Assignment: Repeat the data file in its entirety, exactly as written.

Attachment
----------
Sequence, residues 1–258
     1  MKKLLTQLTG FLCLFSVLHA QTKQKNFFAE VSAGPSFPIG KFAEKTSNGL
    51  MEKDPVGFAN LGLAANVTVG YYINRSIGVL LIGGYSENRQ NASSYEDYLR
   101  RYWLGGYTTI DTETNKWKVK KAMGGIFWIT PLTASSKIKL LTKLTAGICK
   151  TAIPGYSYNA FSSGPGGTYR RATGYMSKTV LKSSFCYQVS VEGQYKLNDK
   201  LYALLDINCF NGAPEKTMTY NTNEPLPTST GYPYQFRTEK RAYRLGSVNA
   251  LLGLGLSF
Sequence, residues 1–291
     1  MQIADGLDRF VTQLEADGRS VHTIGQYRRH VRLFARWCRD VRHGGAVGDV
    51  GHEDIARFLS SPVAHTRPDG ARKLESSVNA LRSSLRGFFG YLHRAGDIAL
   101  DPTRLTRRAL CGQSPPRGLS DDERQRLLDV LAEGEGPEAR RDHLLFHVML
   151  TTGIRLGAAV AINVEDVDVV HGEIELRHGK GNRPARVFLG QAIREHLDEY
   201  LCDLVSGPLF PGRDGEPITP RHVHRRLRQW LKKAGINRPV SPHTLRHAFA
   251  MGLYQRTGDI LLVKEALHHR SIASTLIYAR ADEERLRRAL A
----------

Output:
Sequence, residues 1–258
     1  MKKLLTQLTG FLCLFSVLHA QTKQKNFFAE VSAGPSFPIG KFAEKTSNGL
    51  MEKDPVGFAN LGLAANVTVG YYINRSIGVL LIGGYSENRQ NASSYEDYLR
   101  RYWLGGYTTI DTETNKWKVK KAMGGIFWIT PLTASSKIKL LTKLTAGICK
   151  TAIPGYSYNA FSSGPGGTYR RATGYMSKTV LKSSFCYQVS VEGQYKLNDK
   201  LYALLDINCF NGAPEKTMTY NTNEPLPTST GYPYQFRTEK RAYRLGSVNA
   251  LLGLGLSF
Sequence, residues 1–291
     1  MQIADGLDRF VTQLEADGRS VHTIGQYRRH VRLFARWCRD VRHGGAVGDV
    51  GHEDIARFLS SPVAHTRPDG ARKLESSVNA LRSSLRGFFG YLHRAGDIAL
   101  DPTRLTRRAL CGQSPPRGLS DDERQRLLDV LAEGEGPEAR RDHLLFHVML
   151  TTGIRLGAAV AINVEDVDVV HGEIELRHGK GNRPARVFLG QAIREHLDEY
   201  LCDLVSGPLF PGRDGEPITP RHVHRRLRQW LKKAGINRPV SPHTLRHAFA
   251  MGLYQRTGDI LLVKEALHHR SIASTLIYAR ADEERLRRAL A